The new equipment includes a hydraulic system that can lift up to 880 pounds and will be available for use in every department of the hospital. Forsyth does a good number of bariatric surgeries, so it is common to have patients weighing up to 500 pounds, making every transfer potentially hazardous, Avery says. For more typical patients who are not able to sit up or walk on their own, using the new equipment will be more comfortable, safer and faster than manual lifting. It will eliminate risks to both patient and staff member by preventing falls that can occur during lifting or transferring, and reducing the number of staff needed to transfer patients.

Forsyth selected the new equipment by working closely with the physical therapy department, where staff are specially trained and experienced in transfer techniques, and also by holding vendor fairs in which manufacturers could bring equipment in for staff to try out. The staff who would use the equipment was instrumental in making the final selections, Avery says. "We got approval from administration pretty easily because they saw the cost of back injuries," she says. "We averaged about $100,000 a claim, so it wasn’t hard to convince them that we should buy the equipment."

After buying the equipment, the next question was how to educate the hospital’s 4,000 employees on how to use it. Forsyth leaders didn’t think they were equipped for that task, so they opted to use an outside educational firm. The consultants provided training 24 hours a day for two weeks to ensure that all staff were properly educated.

The new equipment arrived in June 2003 and the original plan was to implement a strict "no-manual-lifting" policy by the end of the month. But then the staff realized that the lifts would not work with about 20 of the beds in the hospital, so the deadline was extended to Oct. 30 so the beds could be modified.

The hospital now forbids staff from lifting patients manually, with some exceptions granted to physical therapists because of the nature of their work and their advanced training in transfer techniques. Even before the policy became mandatory, the addition of the lifting devices had an immediate effect on injuries, Avery says. There were 89 back injuries at the hospital in 2002 and only 14 in 2003. Staff suffered 14 shoulder injuries last year, down to four in 2003.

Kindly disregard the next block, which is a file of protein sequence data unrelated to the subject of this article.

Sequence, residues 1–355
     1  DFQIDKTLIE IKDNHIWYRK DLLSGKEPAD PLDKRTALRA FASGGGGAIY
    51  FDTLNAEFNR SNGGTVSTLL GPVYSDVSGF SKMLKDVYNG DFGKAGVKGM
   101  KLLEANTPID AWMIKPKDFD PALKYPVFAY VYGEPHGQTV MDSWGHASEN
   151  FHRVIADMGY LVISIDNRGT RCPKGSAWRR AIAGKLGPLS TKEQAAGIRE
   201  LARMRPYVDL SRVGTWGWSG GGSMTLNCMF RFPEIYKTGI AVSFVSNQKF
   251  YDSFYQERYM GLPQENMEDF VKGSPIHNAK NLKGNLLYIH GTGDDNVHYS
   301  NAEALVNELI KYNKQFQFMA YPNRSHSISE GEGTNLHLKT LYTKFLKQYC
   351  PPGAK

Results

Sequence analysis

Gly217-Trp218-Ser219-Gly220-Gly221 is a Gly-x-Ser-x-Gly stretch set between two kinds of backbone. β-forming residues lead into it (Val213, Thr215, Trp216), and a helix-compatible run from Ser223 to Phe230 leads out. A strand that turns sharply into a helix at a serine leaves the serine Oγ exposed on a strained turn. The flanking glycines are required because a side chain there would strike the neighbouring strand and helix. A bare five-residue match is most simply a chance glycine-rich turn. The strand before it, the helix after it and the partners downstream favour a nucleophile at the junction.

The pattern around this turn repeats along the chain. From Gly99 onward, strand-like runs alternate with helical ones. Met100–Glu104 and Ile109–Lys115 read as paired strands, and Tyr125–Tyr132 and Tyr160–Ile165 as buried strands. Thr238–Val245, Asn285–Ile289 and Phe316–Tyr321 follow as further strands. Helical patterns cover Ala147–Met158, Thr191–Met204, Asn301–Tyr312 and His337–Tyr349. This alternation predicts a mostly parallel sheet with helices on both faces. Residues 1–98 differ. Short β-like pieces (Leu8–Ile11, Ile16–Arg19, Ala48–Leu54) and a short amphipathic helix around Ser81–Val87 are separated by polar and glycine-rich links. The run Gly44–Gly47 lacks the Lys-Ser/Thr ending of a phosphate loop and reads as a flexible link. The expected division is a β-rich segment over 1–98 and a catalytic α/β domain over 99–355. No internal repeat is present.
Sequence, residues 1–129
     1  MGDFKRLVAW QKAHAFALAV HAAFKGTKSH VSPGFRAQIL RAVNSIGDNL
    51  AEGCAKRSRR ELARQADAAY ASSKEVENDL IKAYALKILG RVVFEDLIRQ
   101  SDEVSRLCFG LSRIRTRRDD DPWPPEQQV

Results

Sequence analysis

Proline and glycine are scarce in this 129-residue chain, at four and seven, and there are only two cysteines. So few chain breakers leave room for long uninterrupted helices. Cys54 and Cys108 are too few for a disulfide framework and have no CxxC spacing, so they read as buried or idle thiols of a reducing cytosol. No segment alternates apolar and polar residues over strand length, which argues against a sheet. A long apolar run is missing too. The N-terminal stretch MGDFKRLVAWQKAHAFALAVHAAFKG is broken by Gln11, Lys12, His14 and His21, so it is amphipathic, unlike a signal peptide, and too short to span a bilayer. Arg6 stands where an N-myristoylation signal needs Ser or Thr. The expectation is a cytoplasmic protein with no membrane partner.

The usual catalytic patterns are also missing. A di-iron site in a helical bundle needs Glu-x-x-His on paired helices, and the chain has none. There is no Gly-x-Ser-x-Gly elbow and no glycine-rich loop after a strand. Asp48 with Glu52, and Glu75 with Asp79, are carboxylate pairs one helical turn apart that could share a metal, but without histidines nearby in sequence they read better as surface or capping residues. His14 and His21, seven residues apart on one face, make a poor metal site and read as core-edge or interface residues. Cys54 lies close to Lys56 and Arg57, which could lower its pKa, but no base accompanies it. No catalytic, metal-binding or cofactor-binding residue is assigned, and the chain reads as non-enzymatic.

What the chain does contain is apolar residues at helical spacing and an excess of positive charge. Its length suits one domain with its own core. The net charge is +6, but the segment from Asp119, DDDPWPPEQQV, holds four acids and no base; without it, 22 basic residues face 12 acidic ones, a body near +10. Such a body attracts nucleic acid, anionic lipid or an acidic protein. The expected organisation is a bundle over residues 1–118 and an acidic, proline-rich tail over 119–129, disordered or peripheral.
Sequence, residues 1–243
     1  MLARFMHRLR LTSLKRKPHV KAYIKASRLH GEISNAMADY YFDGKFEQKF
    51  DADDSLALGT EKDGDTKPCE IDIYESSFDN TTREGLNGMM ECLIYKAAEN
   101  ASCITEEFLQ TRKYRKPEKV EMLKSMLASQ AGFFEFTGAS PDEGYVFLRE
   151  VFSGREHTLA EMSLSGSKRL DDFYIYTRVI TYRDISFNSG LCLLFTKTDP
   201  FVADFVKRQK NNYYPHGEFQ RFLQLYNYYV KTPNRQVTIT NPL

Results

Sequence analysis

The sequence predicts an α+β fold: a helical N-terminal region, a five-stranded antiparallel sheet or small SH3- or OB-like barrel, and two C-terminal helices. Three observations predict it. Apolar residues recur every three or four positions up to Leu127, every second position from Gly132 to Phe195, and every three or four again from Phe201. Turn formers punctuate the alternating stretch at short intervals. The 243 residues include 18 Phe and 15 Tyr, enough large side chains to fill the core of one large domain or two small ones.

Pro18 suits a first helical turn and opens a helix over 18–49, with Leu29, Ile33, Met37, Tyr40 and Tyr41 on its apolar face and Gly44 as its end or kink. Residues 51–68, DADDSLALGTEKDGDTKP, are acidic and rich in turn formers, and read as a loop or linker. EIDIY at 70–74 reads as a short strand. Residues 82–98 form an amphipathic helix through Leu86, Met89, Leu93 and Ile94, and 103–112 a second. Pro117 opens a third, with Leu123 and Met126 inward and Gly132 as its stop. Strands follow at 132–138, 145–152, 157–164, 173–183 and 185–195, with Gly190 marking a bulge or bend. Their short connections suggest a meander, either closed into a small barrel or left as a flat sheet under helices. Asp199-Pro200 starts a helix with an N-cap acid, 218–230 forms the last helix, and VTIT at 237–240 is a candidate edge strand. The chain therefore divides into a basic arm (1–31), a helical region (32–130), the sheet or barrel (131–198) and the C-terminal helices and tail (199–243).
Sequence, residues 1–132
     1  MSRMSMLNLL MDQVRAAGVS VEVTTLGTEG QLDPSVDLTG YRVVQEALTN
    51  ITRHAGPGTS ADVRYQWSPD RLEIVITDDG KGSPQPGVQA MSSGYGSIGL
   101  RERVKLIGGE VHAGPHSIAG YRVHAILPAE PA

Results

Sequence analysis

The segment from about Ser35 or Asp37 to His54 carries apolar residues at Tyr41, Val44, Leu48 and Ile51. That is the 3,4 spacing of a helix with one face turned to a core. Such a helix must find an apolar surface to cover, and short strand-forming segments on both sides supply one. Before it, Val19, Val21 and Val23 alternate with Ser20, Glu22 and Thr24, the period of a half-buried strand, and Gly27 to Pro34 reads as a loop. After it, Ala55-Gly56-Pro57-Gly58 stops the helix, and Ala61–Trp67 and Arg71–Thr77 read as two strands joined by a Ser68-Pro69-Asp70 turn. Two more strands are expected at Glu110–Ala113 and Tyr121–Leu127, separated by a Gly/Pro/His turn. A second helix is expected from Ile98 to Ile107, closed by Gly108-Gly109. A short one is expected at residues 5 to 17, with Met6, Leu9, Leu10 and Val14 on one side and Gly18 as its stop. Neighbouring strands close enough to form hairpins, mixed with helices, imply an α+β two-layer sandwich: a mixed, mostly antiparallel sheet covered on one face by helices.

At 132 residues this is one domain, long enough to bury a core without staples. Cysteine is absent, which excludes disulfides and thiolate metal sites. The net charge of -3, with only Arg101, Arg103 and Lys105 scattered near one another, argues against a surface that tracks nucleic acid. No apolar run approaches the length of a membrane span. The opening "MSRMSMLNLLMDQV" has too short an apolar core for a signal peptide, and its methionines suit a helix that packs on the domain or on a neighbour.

"We’re still analyzing the return on investment, but there is no doubt that we will save a great deal more than we spent on the equipment and training," she says. "It’s obvious that the money was well spent. With 89 back injuries last year and 14 this year, we’ve saved money on medical and indemnity, so there is no doubt. I think the equipment will pay for itself within the year."

The no-lifting policy also enables work-restricted nurses to get back on the job faster because there is no requirement for lifting. Avery says the no-lift environment has been received well by the staff, which sees this as an indication that someone cares about their welfare.

To determine when lifting aids are necessary, every patient is assessed on admission. If the patient meets certain criteria for posing a lifting hazard to staff, that chart is flagged and a special Get a Lift magnetic sticker is posted on the patient’s door. That signals the staff that all patient transfers for that patient must be done with the aid of one of the lifting devices.

Avery notes that an important part of making the program work is that there are enough lifting devices in all patient areas of the hospital. The administration avoided the typical hospital purchasing approach of "if we need 30, we can probably get by with 10," she says. "We purchased enough so that these devices are available on every floor, all the time," she says. "We’re being very strict about requiring their use, so we didn’t want staff to say that they couldn’t find one and didn’t have time to go to the seventh floor to get one. If you’re serious about having a lift-free environment, you have to provide enough tools to make that possible."